Crochet can help people heal through many conditions including chronic fatigue which is a syndrome of its own as well as a symptom of other illnesses. I’ve written about this before, including when I shared Debbie’s Story. But I wanted to point you to another related story today as well as to reiterate why it is that this craft can help with this condition.

Susan’s Story

Susan, who you may know online as SusanD1408 or Crochet Addict, has dealt with Chronic Fatigue Syndrome. She shared this story with Sara of Mom with a Hook in a three-part post on that blog. You can read the whole story over there, of course, but the key point is that Susan after Susan was diagnosed with CFS she started looking for alternatives to high medication levels and saw a lot of people recommending crochet/ knitting. She hadn’t really enjoyed knitting in the past so she decided to try crochet and she was hooked.

Susan says that her CFS symptoms (which can vary from person to person) include pins and needles pain in her extremities, depression and “brain fuzz”. She said in her post, “Whilst you are crocheting you can switch off, relax and you are stimulating both your brain and your nerves.” This helps with the pain, calms the brain, provides focus for relaxation, distracts the mind and soothes the individual. Susan adds that when the brain fuzz is too strong she can’t always focus on crochet but she can use that time to look for inspiration for new crochet pattern designs. She echoes a point I’ve heard before and mentioned in my book, Crochet Saved My Life, which is that crochet isn’t going to solve the problem or cure the illness but it can significantly reduce the symptoms and improve quality of life.

How Crochet Helps with Symptoms of Chronic Fatigue

Here are five symptoms of chronic fatigue and the ways crochet can help:

  1. Depression. Focused, productive crafting that can be done even when you are physically tired can help a lot with this symptom. The repetitive motion of crafting may also release serotonin, which is a natural anti-depressant.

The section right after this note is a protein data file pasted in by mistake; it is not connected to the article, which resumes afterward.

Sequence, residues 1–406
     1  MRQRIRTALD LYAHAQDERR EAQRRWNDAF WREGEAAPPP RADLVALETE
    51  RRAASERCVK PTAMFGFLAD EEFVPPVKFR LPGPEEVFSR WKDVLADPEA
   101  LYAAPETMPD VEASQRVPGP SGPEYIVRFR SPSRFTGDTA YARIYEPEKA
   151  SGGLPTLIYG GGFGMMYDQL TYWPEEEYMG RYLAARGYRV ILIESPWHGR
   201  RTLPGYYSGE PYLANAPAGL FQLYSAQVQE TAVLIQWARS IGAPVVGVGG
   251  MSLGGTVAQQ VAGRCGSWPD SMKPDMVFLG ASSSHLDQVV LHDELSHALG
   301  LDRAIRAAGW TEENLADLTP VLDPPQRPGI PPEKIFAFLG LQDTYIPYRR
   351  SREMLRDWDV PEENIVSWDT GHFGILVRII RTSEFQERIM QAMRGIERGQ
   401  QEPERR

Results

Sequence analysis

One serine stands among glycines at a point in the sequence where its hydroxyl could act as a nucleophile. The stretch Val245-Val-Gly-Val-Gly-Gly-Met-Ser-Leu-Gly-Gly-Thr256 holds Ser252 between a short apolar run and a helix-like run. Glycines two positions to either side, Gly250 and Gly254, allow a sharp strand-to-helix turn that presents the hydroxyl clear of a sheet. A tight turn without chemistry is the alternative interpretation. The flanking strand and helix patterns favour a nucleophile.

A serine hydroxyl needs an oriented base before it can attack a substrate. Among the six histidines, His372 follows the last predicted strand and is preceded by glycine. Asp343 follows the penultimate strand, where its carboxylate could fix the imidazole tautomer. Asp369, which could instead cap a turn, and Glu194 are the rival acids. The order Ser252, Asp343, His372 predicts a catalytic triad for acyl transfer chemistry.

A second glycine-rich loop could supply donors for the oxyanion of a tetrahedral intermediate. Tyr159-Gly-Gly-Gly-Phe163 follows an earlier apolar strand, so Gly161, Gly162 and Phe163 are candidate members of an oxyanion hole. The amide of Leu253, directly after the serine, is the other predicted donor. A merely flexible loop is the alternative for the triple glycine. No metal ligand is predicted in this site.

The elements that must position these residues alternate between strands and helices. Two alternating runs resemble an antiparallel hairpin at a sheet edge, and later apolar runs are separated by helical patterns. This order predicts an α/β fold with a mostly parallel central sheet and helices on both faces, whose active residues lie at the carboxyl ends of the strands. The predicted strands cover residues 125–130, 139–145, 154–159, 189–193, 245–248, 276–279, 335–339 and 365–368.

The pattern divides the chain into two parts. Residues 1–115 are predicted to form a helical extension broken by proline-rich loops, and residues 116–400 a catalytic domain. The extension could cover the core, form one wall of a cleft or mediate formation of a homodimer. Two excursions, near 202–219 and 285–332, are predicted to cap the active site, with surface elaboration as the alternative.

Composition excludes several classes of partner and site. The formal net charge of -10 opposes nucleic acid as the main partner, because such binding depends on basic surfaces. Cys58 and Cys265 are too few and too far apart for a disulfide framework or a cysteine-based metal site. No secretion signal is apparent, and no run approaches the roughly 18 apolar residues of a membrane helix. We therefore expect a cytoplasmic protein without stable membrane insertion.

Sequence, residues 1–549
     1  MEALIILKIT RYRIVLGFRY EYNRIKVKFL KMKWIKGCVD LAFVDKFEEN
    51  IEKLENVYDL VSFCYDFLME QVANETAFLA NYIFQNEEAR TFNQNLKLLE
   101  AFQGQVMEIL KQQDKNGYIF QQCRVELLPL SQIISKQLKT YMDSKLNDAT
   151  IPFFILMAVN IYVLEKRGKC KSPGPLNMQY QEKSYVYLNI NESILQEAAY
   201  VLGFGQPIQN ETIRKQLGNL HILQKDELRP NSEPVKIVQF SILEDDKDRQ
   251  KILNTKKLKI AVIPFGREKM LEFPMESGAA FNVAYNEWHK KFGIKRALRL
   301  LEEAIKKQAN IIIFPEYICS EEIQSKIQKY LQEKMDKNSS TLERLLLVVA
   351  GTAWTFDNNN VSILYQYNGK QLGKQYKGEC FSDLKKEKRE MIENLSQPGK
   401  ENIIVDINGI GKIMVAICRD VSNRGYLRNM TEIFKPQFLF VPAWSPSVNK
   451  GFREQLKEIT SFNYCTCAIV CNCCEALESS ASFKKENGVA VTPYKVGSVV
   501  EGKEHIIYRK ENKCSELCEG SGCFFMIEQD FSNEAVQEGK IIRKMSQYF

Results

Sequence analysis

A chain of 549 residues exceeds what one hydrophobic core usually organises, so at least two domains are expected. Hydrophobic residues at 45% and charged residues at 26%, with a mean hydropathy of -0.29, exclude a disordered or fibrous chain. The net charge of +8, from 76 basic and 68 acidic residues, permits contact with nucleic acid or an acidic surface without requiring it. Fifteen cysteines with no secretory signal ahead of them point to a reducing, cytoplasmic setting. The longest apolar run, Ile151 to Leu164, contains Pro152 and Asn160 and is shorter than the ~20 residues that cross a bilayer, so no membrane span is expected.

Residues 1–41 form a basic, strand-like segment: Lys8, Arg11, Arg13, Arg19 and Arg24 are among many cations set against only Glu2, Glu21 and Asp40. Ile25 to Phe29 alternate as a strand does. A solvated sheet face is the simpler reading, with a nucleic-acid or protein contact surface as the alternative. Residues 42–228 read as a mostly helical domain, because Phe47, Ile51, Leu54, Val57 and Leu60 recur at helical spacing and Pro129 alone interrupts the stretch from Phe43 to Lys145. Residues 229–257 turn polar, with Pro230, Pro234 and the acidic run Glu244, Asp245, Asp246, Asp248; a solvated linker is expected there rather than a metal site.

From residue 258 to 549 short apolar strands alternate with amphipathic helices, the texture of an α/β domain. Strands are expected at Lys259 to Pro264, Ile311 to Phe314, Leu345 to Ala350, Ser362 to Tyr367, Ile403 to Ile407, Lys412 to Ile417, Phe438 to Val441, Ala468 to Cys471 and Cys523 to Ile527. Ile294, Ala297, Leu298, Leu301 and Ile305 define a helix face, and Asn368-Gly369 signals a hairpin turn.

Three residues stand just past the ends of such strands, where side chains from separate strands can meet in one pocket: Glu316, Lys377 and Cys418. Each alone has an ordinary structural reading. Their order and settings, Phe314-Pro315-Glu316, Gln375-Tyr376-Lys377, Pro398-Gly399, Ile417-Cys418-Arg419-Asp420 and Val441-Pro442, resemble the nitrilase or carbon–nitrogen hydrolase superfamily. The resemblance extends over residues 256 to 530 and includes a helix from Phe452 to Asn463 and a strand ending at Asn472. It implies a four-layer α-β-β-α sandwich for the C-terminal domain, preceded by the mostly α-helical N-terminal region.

2. Pain. This includes joint pain, muscles aches, headaches and the pins-and-needles described by Susan. The task of crocheting can take the mind’s attention off of the pain and thereby reduce the experience of it. The natural release of serotonin is also a natural painkiller.
  3. Concentration problems and other cognitive issues. Crochet can be broken down into small chunks allowing the individual to be creative in spite of this frustrating symptom. This creativity boost self-esteem and helps with total quality of life.
  4. Increased sensitivity to light, sounds and smells. The soft touch of yarn and rhythmic action of crocheting can provide a way to enjoy sensation in your life without getting overwhelmed by it.
  5. Irritability. When you’re tired and achy you are cranky, which doesn’t feel good for you and can impact your personal relationships. The relaxing craft of crochet can help calm you down and reduce irritability and / or increase your ability to react to it in a more positive way.

San Francisco based and crochet-obsessed writer, dreamer and creative spirit!


  1. Maschelle Mashburn Reply

    I have chronic fatigue syndrome, and Crochet is something I took back up again after I became bedridden. Every single hobby I had was taken away by this disease. All the things that for 50 years had come to define the person that I was just became impossible for me . It felt like I was alive but had died somehow . The person that I had been all my life was no more. I was really in the depths of depression from the chronic pain and the loss of every defining quality that was ME. I found the Crochet doesn’t hurt my hands, unless I Crochet for too long. But just finding anything I can do was a lifesaver. And thankfully I fell in love with the Crochet! So it wasn’t just finding something to do with my time. I found something that I loved doing with my time! I do have difficulties, for instance I can’t crochet in the round, I also can’t count stitches in the round. I find that odd, but it must have something to do with the neurological symptoms I deal with now. So I look for linear projects. All the colors cheer me up in this darkened room without overwhelming me. I love the feel of the yarn and the joy of watching a project take shape. I been creating some of my own designs, and am really excited about that! I’ve always been creative. I thought I would never be creative again. Thank you for your sensitive post about CFS and Crochet. I just thought it would be nice for a patient to relay to you how much Crochet has helped her as well as the person you wrote about in your post. Thank you again!

    • Kathryn Reply

      Thank you so much for sharing your story here. It’s important information for others to read and so inspiring. Huge hugs. <3

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